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Summer's been great while it's lasted, but one look at the calendar can tell you that cold weather is not too far away. Now's the time to check your heating system to make sure it's ready for what is ahead.

You should not attempt to repair or service the system yourself, but you should understand how it works and what things you can do to make it run more efficiently and economically.A central heating system consists of five elements: fuel burner; furnace or boiler; ducts and pipes for heat distribution; room heating units such as radiators, registers and convectors; and controls, such as thermostat, dampers, blower and pump.

Periodic maintenance requires such things as cleaning the burner and heating ducts, adjusting the dampers, changing filters and oiling the blower motor and fan. Most of this should be done by your heating contractor.

Regular tuneups by a professional contractor not only lower fuel bills from 3-10 percent, but they also increase the lifetime of the system, reduce breakdowns and repair costs, and decrease the carbon monoxide, smoke and other pollutants pumped into the atmosphere.

But there are also things that the homeowner can do on a routine basis to make sure the heating system is running efficiently, advises the Plumbing-Heating-Cooling Information Bureau.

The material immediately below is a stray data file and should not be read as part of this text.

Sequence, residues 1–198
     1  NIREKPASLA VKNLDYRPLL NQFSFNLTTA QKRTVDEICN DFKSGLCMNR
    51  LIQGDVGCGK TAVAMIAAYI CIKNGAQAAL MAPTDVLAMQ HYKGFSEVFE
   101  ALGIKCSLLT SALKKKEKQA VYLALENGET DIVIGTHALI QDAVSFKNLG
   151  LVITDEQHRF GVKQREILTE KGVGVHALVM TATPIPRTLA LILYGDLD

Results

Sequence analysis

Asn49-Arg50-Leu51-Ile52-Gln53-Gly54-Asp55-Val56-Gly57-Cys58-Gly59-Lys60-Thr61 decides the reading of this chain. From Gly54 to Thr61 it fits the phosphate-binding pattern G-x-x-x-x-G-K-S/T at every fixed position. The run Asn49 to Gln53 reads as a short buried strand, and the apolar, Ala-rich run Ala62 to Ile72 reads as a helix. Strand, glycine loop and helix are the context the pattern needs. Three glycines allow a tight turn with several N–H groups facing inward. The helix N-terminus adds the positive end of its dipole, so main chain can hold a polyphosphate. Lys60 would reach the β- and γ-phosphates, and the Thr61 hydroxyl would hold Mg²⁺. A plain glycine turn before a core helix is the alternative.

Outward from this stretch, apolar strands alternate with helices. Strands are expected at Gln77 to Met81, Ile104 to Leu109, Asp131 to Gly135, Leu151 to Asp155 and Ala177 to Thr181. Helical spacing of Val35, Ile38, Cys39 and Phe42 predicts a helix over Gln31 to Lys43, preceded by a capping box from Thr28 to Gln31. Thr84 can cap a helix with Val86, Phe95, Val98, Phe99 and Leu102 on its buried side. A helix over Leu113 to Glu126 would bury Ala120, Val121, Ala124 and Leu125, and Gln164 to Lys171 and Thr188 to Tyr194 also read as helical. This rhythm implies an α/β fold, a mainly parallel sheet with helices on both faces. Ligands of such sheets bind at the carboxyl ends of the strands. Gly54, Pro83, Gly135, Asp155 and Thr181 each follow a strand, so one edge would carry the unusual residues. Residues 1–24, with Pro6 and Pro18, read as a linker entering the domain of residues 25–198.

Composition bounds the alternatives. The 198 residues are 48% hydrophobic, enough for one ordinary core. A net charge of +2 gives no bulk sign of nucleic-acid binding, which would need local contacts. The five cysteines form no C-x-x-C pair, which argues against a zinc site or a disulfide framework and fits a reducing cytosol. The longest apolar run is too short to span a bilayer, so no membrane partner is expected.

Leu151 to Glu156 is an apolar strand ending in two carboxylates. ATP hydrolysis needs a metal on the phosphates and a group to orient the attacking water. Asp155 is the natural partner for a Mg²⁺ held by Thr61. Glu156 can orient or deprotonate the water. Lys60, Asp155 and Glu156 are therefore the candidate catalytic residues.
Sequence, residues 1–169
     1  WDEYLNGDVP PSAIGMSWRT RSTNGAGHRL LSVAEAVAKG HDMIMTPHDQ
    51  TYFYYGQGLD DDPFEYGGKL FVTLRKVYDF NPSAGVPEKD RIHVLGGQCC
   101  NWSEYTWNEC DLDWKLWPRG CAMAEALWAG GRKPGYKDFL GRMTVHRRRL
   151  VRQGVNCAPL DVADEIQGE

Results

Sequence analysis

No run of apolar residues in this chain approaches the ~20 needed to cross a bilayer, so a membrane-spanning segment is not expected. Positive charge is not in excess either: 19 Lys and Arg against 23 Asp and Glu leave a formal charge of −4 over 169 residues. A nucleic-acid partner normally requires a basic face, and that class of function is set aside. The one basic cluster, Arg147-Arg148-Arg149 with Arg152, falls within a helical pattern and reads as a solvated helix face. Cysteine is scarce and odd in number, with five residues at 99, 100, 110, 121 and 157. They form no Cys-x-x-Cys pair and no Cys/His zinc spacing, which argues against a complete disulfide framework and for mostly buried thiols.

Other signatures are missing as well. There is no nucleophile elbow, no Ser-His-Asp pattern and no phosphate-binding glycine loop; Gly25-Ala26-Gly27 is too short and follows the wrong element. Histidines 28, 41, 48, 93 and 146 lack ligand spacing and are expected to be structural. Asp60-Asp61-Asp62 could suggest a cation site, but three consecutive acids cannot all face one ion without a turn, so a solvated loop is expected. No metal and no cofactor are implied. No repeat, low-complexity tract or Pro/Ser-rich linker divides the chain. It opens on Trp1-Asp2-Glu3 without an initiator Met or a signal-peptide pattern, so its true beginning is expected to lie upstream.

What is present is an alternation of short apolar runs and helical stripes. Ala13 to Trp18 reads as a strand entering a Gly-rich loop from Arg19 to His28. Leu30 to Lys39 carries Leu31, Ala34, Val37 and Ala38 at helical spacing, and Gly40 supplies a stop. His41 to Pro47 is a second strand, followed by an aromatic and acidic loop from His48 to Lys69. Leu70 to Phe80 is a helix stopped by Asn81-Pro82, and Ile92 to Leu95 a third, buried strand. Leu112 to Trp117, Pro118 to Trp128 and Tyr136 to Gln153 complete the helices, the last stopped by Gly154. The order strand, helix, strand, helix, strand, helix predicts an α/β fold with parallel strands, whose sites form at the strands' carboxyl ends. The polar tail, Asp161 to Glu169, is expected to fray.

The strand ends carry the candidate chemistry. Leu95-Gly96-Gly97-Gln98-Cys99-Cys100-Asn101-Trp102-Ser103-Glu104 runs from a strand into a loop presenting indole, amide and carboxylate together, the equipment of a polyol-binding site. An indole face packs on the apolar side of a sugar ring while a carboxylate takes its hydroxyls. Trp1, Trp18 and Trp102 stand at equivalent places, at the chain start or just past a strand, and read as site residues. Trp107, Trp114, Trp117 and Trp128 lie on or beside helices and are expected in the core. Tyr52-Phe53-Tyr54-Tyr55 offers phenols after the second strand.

- Check the air filters on warm-air furnaces and heat pumps once a month during the heating season, cleaning and replacing them as necessary. Too much dust can force the blower to work harder, raising electric bills and eventually causing blower failure.

- Make sure that baseboard and radiators are not blocked by furniture, carpets or drapes, etc. Air needs to circulate freely through them from underneath. Also warm-air registers should be kept clean and unobstructed.

- Use a radiator key to bleed air out of hot water radiators once or twice a season. Trapped air inside radiators keeps them from performing properly. Hold a pan under the valve and open it until all the air has escaped and only water comes out. If you're unsure how to perform this procedure, have your heating contractor show you how.

- Vacuum your air registers and grilles. Large accumulations of dirt in ducts should be removed as well.

- Make sure your furnace access door is closed.

- Practice sound fuel conservation measures. Adequate insulation, caulking and weatherstripping are vital. Keep the doors of an attached garage closed. If the garage is heated, maintain temperature at about 40 degrees Fahrenheit. Close the fireplace damper when the fireplace is not is use. Repair or replace hot water faucets if they drip. Keep your water heater setting at about 130 degrees Fahrenheit. During the day, open drapes to help heat rooms on the sunny side of the house. Close them at night for extra insulation.

For more information on taking care of your heating system, you can get a free set of "Heating Booklets," by writing to the Better Heating-Cooling Council, P.O. Box 218, Berkeley Heights, NJ 07922.